Immunoprecipitation and Western Blot Analysis.
Cellular extracts were isolated and quantified by the BCA protein assay kit (Pierce, Rockford, IL). The immune-precipitation procedure was adopted from Protocols in Mol. Biol. (Section 4:9) after slight modification. Approximately 250–500 μg of the total protein were incubated with the primary monoclonal antibody Pab 108 (PharMingen, San Diego, CA) directed to the NH2 terminus of the T/t antigens in IP buffer (25 mm Tris, 150 mm NaCl, 0.1% BSA, 0.02% NaN3, and 0.1% Triton X-100) at 4°C for 1 h. Ten μl of protein-A agarose were then added to the mixture and further incubated at 4°C for 45 min. The antigen-antibody-protein A/agarose complexes were washed twice with the same buffer before pelleting by centrifugation at 5000 rpm for 10 min.
For Western blot analysis, cell lysates (50–100 μg) were resolved on 15% SDS-polyacrylamide gel. Proteins were then electroblotted onto an Immun-blot polyvinylidene difluoride membrane. Membranes were incubated in 5% nonfat dry milk at room temperature for 45 min before incubating the specific antibodies to T antigen (Pab 107 and Pab 108; PharMingen), p21/WAF-1 (PharMingen), and β-actin for 2 h at room temperature. Blots were washed several times with PBS-Tween 20. Blots were then incubated with an appropriate secondary antibody linked to horseradish peroxidase for 45 min at room temperature. After several washings with PBS-T, blots were developed according to the instructions provided in the ECL kit (Amersham, Arlington Heights, IL)
Replication-deficient, E1- and E3-deleted recombinant Ad serotype 5 (Ad5) was used as the viral backbone. To construct Ad.CMV/T-S (Ad/T-S) and Ad.CMV/T-AS (Ad/T-AS), a 550:bp DNA fragment of the SV40 strain 776 (nucleotides 5138–4588) was inserted into pAd.CMV vector (23) in the sense or antisense orientation, creating the shuttle vectors pAd.CMV/T-S and pAd.CMV/T-AS, respectively. The adenoviruses were made by cotransfection of the shuttle vectors with pBHG10 (24) into human 293 cells, and recombinant virus plaques were isolated. Ad.CMV-LacZ containing the Escherichia coli LacZ gene with a nuclear localization signal driven by the CMV enhancer/promoter was generously provided by F. Graham (MacMaster University, Ontario, Canada). All viruses were amplified in human 293 cells and purified as described previously (23). Viral titers were determined as pfu/ml using plaque assays in 293 cells.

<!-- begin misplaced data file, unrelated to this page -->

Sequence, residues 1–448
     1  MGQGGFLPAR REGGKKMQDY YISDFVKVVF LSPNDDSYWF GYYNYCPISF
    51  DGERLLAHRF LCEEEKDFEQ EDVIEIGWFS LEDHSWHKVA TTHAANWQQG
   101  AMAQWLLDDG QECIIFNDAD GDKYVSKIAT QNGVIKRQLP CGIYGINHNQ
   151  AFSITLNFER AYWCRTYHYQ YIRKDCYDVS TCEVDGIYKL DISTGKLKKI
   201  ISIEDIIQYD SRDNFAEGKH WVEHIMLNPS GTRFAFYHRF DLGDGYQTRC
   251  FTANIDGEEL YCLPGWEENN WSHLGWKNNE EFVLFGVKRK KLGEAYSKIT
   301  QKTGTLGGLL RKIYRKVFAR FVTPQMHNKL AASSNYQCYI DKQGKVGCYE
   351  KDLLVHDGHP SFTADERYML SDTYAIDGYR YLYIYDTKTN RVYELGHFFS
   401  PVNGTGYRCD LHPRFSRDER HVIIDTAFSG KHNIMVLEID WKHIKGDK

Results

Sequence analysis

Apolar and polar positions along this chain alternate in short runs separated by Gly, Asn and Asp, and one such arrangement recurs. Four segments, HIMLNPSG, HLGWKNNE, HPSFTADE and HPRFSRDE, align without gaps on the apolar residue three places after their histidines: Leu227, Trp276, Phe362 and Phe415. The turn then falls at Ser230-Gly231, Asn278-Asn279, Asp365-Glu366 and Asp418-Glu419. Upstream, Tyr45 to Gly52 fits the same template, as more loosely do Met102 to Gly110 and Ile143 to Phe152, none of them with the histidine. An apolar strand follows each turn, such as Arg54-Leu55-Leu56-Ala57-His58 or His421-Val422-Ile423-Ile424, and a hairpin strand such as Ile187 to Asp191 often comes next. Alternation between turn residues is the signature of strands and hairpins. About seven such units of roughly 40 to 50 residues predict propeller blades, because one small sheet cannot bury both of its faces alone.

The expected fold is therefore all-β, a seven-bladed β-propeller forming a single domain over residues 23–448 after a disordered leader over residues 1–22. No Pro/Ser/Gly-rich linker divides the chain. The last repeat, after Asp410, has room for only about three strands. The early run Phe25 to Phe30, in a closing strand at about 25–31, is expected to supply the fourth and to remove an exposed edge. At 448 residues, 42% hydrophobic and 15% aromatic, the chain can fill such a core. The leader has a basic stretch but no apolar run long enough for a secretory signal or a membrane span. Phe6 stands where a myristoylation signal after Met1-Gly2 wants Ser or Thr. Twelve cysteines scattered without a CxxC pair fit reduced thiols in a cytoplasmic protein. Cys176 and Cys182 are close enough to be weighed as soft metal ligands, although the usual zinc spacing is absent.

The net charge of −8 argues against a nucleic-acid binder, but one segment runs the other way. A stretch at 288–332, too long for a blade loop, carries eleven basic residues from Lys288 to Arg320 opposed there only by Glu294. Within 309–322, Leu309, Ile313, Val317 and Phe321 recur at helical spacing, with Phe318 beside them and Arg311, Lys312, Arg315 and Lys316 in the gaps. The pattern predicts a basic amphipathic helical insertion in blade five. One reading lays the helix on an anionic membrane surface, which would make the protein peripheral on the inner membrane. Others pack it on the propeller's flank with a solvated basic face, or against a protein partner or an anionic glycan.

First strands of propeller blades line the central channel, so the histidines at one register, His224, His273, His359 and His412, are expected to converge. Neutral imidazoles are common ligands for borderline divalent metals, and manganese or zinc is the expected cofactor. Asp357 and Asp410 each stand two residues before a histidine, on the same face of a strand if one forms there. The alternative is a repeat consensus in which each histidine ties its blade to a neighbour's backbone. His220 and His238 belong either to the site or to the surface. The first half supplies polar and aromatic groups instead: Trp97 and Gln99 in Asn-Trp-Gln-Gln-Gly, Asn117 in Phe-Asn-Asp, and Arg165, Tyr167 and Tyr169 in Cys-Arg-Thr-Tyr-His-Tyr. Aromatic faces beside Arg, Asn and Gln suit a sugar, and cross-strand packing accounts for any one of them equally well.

Viral Infection and Proliferation Assay.
Cells were infected with the recombinant adenoviruses at a MOI that resulted in 50% transduction efficiency as determined by the 5-bromo-4-chloro-3-indolyl-β-d-galactopyranoside staining of Ad.CMV/LacZ-infected cells (25). For proliferation assays, cells were exposed in triplicate to either PBS alone or an appropriate MOI of Ad/T-S or Ad/T-AS for 2 h, after which the virus was removed and medium was replaced with prewarmed RPMI 1640 supplemented with 10% FCS. Cells were harvested 1, 3, and 5 days after infection, and viable cells (as determined by trypan blue exclusion) were counted in each case.
Flow Cytometry Analysis.
Mesothelioma and control cells were harvested at days 1, 3, and 5 after transduction with recombinant adenovirus or exposure to normal media. Cells were washed twice with cold PBS fixed in 1% paraformaldehyde-PBS solution on ice for 20 min and stored overnight in 70% ethanol at −20°C. Apoptosis was evaluated by Apo-BrdU techniques using a FACScan apparatus (Becton Dickinson) and protocols provided in the Apo-BrdU kit (PharMingen).